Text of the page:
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Tuesday, 05 April 2011


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Well said!

I think the first 'real' 35mm camera I owned was a Pentax Spotmatic. It's amazing how fondly I (and others!) remember that camera. It is still regularly suggested as a great beginner's camera. To be honest, I don't think that there is much that I've shot in the last 20 years, I couldn't have done with that first camera.

I think it's time to grab some film, and go shooting with my old friend.

No doubt. They're all probably more similar than they are different. Maybe the menus are set up differently, and buttons are in different places, so what.

This post is wrong. My Nikon FE2, which until 2009 was the only camera that I used or owned for twelve years, is objectively the most greatest camera ever made by anyone.

I will prove my point.

(1) Manual controls slow you down a bit and make you conceptualize your shots in advance. This leads to better technique and more 'hits' per roll.

(2) Aperture priority is the only automatic feature that you really need - for when the things you're photographing are not necessarily fixed to the ground. To prove this point, I still use nothing but Manual or AP mode on my E-P1. With manual lenses! Better still,

(3) Analog Aperture priority mode will meter any length of exposure, for example eight minutes for a moonlit landscape. Nonetheless,

(4) It will work fine without a battery. Also,

(5) The form factor is great. It leaves out all that electronic mumbojumbo and a huge battery compartment to power it. Finally,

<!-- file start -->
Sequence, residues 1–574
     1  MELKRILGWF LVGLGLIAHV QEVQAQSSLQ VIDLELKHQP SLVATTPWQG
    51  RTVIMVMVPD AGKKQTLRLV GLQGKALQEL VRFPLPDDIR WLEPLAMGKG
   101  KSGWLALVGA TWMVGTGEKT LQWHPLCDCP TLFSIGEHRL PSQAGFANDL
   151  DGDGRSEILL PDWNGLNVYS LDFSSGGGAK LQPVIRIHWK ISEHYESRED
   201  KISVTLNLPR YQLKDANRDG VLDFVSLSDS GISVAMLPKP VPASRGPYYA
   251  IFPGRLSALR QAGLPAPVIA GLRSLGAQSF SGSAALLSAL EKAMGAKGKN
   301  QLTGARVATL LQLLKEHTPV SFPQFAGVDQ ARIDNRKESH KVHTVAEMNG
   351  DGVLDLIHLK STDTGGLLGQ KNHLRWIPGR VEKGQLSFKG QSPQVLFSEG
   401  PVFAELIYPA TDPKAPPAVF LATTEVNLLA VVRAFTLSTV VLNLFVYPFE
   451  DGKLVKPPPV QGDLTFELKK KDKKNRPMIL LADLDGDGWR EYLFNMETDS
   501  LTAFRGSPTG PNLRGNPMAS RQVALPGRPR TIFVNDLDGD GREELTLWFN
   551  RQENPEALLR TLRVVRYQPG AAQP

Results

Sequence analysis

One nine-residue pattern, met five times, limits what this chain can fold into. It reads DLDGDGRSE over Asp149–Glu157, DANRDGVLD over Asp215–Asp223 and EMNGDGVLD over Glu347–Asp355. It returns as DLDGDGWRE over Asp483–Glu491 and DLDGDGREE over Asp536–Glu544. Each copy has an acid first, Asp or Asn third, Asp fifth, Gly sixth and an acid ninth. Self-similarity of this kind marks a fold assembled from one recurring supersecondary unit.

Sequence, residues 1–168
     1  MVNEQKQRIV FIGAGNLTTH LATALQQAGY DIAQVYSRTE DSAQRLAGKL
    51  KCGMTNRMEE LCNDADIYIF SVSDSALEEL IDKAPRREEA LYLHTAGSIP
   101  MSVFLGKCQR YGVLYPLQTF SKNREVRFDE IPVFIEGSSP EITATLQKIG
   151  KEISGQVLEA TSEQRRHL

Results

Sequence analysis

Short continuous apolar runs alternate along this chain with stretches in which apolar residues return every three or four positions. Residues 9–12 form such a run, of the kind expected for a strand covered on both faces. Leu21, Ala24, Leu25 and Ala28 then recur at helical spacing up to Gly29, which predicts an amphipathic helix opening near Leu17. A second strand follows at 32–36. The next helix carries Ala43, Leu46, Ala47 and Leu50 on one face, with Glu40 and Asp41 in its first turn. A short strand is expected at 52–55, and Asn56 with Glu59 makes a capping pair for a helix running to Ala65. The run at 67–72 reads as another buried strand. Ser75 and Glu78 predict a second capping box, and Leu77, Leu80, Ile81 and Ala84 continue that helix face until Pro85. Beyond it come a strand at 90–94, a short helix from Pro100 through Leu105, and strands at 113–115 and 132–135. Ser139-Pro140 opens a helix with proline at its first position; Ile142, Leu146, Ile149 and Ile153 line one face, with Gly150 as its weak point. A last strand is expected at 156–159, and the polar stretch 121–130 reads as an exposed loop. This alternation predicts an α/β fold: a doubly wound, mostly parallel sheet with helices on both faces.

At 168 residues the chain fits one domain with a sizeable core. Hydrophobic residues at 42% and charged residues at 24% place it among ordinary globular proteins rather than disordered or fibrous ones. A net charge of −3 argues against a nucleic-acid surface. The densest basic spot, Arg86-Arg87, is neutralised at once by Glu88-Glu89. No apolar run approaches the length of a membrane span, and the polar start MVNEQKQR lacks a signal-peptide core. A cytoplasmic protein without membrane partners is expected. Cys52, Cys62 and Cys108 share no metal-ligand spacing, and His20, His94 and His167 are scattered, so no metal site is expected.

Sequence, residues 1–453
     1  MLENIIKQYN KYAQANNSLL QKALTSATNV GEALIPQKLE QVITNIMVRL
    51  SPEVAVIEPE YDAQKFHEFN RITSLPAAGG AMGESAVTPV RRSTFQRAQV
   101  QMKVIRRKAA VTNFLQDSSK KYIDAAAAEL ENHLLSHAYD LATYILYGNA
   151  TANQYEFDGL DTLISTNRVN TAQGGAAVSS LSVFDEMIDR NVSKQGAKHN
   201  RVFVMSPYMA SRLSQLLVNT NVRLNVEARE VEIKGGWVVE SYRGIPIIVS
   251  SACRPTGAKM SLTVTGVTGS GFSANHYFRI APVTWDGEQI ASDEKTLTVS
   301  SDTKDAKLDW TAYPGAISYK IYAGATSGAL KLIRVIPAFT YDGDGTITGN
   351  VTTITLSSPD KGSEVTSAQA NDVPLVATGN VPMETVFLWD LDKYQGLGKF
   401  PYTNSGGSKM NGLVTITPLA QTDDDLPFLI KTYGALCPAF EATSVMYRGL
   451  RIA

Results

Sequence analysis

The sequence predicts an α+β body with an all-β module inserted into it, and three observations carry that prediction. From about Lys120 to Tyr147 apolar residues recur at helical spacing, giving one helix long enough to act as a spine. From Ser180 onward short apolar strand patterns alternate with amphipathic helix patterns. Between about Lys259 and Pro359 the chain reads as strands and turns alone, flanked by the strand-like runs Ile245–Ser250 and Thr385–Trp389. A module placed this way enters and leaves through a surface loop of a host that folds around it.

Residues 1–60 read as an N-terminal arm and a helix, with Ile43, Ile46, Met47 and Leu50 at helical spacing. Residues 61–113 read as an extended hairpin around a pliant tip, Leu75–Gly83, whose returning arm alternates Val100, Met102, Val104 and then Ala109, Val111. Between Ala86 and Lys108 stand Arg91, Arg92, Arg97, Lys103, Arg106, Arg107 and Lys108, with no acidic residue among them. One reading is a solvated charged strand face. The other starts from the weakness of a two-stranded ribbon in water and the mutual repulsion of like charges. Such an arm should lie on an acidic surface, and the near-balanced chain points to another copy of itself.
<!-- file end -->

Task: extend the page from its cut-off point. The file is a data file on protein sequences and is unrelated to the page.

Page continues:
(6) It has a higher max shutter speed than the FE.


So familiarity doesn't breed contempt, it breeds love? At least until a minor update is released and your lover's hands feel a little clammy and old all of a sudden...

Another cliche in camera land, "absence makes the heart grow fonder...." It's true--put down your camera of choice for a month, use something else, and then go back to that lost love and notice how much you enjoy it, how its exposure is so spot on, even the white balance is better than you remembered. Very much like flying home after that wonderful vacation, feeling quietly relieved and noticing the quiet beauty of your bland suburban neighborhood, savoring that first bowl of stale Captain Crunch (after you stop for fresh milk of course).

When do we get to find out in detail just how much you love your K5? (Seriously: I have yet to find a really useful experience-based review of the K5 on the net, and those f2.8 zooms and metal primes with sensor stabilisation _almost_ sound like a reason to switch from what I have got now.)

Nail hit soundly on the head. It is hard to understand sometimes the emotional intensity that underpins internet discussions of gear.

Three friends and I have our mini photography group; Pentax (me), Canon, Nikon and Panasonic, and the best shots from all of us are on par.

Somehow we have never gotten into any discussions, ever, as to which camera is best (probably because the others already accept that my Pentax is best :).

Well, I got a K5 a couple of weeks ago and it seems to be working that way. I'm using it with a 60s 35/3.5 m42 mount multicoated Takumar and I love it too. It works in Av!! (hah, like a Spotmatic, I guess). The metal lens with a metal black hood on the k5 looks gorgeous. One thing I'm coming to appreciate is older Pentax f/3.5 lenses are extremely sharp and have far less CAs than even several new lenses (I guess those are inherent big aperture design limitations}. Not good for night street shooting or shallow DOF, but it's excelent for landscapes. It's something like a 52mm on the k5, but I seem to like that more than before as a "normal" lens.